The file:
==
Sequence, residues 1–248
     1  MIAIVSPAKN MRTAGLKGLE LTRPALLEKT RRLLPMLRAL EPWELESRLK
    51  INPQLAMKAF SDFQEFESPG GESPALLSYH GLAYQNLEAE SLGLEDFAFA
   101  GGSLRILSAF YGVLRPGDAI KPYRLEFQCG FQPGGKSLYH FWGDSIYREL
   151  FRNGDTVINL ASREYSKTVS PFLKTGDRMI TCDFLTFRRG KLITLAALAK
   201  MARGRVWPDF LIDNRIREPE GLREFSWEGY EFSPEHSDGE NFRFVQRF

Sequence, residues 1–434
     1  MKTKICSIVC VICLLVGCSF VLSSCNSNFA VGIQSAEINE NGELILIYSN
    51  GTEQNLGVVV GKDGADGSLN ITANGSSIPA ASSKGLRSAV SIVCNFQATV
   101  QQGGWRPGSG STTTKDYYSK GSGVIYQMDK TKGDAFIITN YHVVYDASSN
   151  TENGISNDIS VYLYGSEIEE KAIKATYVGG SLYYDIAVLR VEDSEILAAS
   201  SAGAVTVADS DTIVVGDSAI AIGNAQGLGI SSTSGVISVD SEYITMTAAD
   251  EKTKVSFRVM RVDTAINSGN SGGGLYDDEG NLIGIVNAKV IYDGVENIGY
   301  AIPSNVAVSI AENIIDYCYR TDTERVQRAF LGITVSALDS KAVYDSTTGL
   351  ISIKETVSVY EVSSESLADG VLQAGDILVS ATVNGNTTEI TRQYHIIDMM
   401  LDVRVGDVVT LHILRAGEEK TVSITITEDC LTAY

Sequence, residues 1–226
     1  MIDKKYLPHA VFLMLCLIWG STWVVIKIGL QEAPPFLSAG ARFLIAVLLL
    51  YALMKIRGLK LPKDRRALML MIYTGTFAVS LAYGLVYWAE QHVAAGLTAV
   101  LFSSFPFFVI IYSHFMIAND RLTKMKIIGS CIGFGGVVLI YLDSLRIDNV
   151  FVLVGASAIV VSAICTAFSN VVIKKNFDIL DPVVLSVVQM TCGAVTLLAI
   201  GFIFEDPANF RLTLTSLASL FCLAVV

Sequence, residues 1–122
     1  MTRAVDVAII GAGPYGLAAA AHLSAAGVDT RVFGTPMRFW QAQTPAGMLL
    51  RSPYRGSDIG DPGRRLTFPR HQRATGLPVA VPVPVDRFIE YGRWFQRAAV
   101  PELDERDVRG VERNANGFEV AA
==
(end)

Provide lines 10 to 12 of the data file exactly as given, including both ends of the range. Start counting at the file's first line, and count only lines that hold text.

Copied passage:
   101  QQGGWRPGSG STTTKDYYSK GSGVIYQMDK TKGDAFIITN YHVVYDASSN
   151  TENGISNDIS VYLYGSEIEE KAIKATYVGG SLYYDIAVLR VEDSEILAAS
   201  SAGAVTVADS DTIVVGDSAI AIGNAQGLGI SSTSGVISVD SEYITMTAAD